So you’ve found your lot in paradise and are ready to buy it and build your dream vacation villa. Great. Now stop!! Too often, people blinded by their dreams, go right ahead and buy a lot, only to find out later, what they really want to build, they can’t because the local low environmental impact building regulations don’t allow it. Don’t let the local Realtor, or the owner tell you what can be built, talk to an approved environmental engineer first in order to really know, before you buy, what you can build on the property and the unique issues it might face. There are several environmental engineers in the area that can find what the impact regulations allow for specific locations. Just because the owner or Realtor tell you that you can build what you want on the property, do not offer until you are sure. Surprises are for birthdays, not real estate transactions.
Most assume because the neighbor up the road built a four bedroom house, they can too. Many, many variables from parcel to parcel, can affect what, and specifically, the size of what, can be built. If the neighbor’s lot includes more area, even if much of it is non-build-able wetland, it can be counted toward building a bigger house. Some owners will buy a neighbor’s un-used wetland, just to add to their property, allowing for a larger home to be built on what looks like a small lot. You never know. Some areas have small pockets, because of a unique feature, like distance from a lagoon being short, making that area not subject to the general bedroom density type regulation. These special lots are given building sizes allowed on the percentage of the lot “impacted” and not by bedroom-to-parcel size. The point is that again, you never know from lot to lot, what actual size structure you can build, until a environmental engineer has done a preliminary house/lot evaluation. That is not a terribly hard task and worth the hundred bucks or so most engineers might charge for a consult.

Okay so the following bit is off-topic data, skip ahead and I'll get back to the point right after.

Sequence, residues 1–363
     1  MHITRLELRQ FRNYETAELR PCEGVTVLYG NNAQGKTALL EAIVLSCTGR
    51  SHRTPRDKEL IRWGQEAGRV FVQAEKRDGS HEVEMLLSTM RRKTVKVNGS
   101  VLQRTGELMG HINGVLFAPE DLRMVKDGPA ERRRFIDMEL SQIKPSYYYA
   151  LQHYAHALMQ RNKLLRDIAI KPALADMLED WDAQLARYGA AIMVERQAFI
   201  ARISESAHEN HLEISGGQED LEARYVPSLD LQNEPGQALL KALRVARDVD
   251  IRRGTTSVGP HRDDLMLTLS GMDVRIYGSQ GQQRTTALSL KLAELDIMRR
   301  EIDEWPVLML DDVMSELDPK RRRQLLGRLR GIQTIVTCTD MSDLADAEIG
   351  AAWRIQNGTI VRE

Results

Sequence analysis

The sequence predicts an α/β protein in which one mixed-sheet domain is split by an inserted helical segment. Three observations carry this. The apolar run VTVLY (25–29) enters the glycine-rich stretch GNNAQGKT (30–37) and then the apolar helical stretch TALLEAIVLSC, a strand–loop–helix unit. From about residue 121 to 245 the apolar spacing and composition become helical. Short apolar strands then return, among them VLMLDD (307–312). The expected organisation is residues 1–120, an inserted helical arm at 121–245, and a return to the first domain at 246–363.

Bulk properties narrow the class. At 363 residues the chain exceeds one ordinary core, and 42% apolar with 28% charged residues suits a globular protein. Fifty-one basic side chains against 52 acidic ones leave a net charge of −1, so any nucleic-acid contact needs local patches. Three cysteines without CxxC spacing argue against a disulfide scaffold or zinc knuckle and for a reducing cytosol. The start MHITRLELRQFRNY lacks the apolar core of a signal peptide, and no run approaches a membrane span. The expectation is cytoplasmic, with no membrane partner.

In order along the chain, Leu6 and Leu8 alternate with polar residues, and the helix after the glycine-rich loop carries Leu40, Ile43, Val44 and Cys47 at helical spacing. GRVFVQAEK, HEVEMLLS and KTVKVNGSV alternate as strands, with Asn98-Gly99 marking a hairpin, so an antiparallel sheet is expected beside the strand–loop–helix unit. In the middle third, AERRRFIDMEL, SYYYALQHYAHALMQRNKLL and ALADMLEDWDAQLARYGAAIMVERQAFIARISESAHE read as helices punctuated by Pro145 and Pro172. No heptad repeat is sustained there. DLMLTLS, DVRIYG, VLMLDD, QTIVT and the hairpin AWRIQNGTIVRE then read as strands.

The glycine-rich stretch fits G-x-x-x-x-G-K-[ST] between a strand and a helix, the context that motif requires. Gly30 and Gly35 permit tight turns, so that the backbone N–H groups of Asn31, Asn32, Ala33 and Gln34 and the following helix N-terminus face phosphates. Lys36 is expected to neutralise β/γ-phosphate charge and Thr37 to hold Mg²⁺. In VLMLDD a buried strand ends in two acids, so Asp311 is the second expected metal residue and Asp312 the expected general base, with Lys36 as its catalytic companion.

To understand their process, you must first know that the entire coastline, from the tip of the Yucatan Peninsula, all the way to Xcalak, the end of the road for Mexico’s Caribbean coast, has been “zoned” for its usable capacity. A government agency, SEMERNAT, writes the regulations we develop under here, and they in the late 90’s re-wrote this entire area to control problems from over density, balancing the area’s realistic carrying capacity, with the local tourism industry, and the natural environment that industry relies on. The result is that in the southern portion of the state, the regulations for development tend to be lower density, with more long term sustainability. The only high volume tourism the area’s density regulations allow for, is short stay, containable impact cruise ship tourist. A “containment city”, the downtown and port area, with limited automobile traffic, curbed drainage and low volume sewage treatment plants, provides an area acceptable for the high volume, eco-light tourism our entire local economy is based on. The rest of the area, about 70 miles of coastal area, is regulated for even lower density and impact, and where most residential vacation homes are built.